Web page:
Link Between Diabetes and Alzheimer’s Disease

Rates of Alzheimer’s disease (AD) are rising worldwide, and research on the subject, particularly risk factors and correlation with cognitive impairment and decline are among the most important and applicable. Among those, data suggests that diet seems to be the most important risk factor to target.

For instance, is a very well-known fact that when Japan made the transition from the traditional Japanese diet towards the Western diet, AD rates rose 6% in about 20 years. But diet is also related to certain forms of diabetes, and Type-2 diabetes mellitus (T2DM) is widely recognized as an important risk factor for some forms of dementia. Research about the link between AD and T2DM have concluded that working memory and executive control, for instance, decline in the T2DM compared to healthy people. This decline is lesser in extent than those suffered by AD patients.

An even more important fact is that non-controlled T2DM is strongly related to Mild Cognitive Impairment (MCI) and AD worsening: a study found lower whole-brain volume in participants with both MCI and T2DM compared with participants who had MCI but not T2DM.

Similarly, measured neural activity in their frontal lobe (associated with higher mental functions and reasoning alongside with behaviour), sensory motor cortex (involved in the planning, control, and execution of voluntary movements), and striatum (mediates cognition involving motor function) measured as a function of glucose uptake in those areas, was lower in participants with both MCI and T2DM, than participants with MCI alone. All of this is evidence that T2DM may accelerate and worsen cognition deterioration in patients with AD by affecting glucose metabolism and brain volume.

So, glycemic control is highly encouraged for T2DM and may be beneficial for decreasing the incidence of AD and delaying its progression in diabetic patients.

Yet a third variable linked to both T2DM and AD, is Apolipoprotein E (APOE): among 94 T2DM-patients from the Framingham Heart Study Database, results demonstrated that AD was far more severe in T2DM-patients who were also APOE carriers.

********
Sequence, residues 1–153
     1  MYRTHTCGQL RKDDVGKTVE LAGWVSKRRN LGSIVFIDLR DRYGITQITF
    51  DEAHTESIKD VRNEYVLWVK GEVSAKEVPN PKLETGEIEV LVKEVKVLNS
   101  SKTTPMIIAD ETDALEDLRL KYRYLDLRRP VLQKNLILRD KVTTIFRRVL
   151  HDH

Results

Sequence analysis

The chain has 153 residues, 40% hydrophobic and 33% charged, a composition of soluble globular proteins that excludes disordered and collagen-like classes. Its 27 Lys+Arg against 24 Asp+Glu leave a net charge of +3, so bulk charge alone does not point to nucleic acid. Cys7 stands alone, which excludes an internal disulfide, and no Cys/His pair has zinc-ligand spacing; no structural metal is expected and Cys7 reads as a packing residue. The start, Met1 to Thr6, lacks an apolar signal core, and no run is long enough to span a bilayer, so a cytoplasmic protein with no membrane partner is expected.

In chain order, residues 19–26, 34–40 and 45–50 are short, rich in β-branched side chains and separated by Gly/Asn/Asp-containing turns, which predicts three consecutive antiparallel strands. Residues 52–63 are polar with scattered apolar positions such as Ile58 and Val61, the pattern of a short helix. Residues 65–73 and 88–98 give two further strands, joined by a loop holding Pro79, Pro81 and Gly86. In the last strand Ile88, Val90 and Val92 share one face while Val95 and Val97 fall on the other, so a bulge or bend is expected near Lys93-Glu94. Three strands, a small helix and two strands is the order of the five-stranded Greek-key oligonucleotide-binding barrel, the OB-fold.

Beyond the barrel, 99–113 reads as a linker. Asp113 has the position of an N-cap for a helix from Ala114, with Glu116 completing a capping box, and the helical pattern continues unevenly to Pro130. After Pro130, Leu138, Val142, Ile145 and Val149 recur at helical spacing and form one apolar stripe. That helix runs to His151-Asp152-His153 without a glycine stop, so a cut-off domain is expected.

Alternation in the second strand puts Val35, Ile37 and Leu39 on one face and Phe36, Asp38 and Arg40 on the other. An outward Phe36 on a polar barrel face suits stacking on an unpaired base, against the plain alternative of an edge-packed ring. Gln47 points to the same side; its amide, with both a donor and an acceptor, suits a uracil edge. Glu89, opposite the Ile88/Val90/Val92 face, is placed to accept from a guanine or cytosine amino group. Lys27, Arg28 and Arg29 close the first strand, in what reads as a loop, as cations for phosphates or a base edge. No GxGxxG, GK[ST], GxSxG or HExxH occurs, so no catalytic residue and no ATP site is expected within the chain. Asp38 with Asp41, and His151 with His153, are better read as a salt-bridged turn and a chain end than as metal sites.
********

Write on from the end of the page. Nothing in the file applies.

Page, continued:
The long-term impact of diabetes on the brain

The process that involves diabetes damaging the brain, leading to AD is well known: it involves pathological mechanisms including cerebral hypoperfusion and glucose hypometabolism. Both of them trigger inflammation and oxidative-nitrosative stress that in turn decrease nitric oxide and enhance amyloid-beta deposition, cerebral amyloid angiopathy, and blood-brain barrier disruption.

All of those changes are long lasting because they involve long-term damage of fatty acids, proteins, DNA, and mitochondria in neurons and glia. This, in turn, perpetuates energy metabolism dysfunction and amyloid-beta generation.

The end result is chronic cerebral hypoperfusion producing synaptic malfunction and neuronal degeneration, leading to both grey and white matter atrophy and AD. Other studies also observed increased glucose intolerance accompanied by the formation of advanced glycation end-products, and activation of the receptor for these end-products. These changes are thought to contribute to the processing of amyloid-beta precursor proteins and decreased amyloid-beta degradation.

One gene to cure them all?

On the other hand, one mechanism by which AD could influence and worsen diabetes was less known until recently. Physiological and molecular analyses demonstrated that centrally expressed human BACE-1 induced systemic glucose intolerance alongside a fatty liver phenotype, impaired hepatic glycogen storage, brain glucose hypometabolism, altered neuronal insulin-related signalling and increased forebrain and plasma lipid accumulation (i.e. triacylglycerols and phospholipids, mainly) in mice.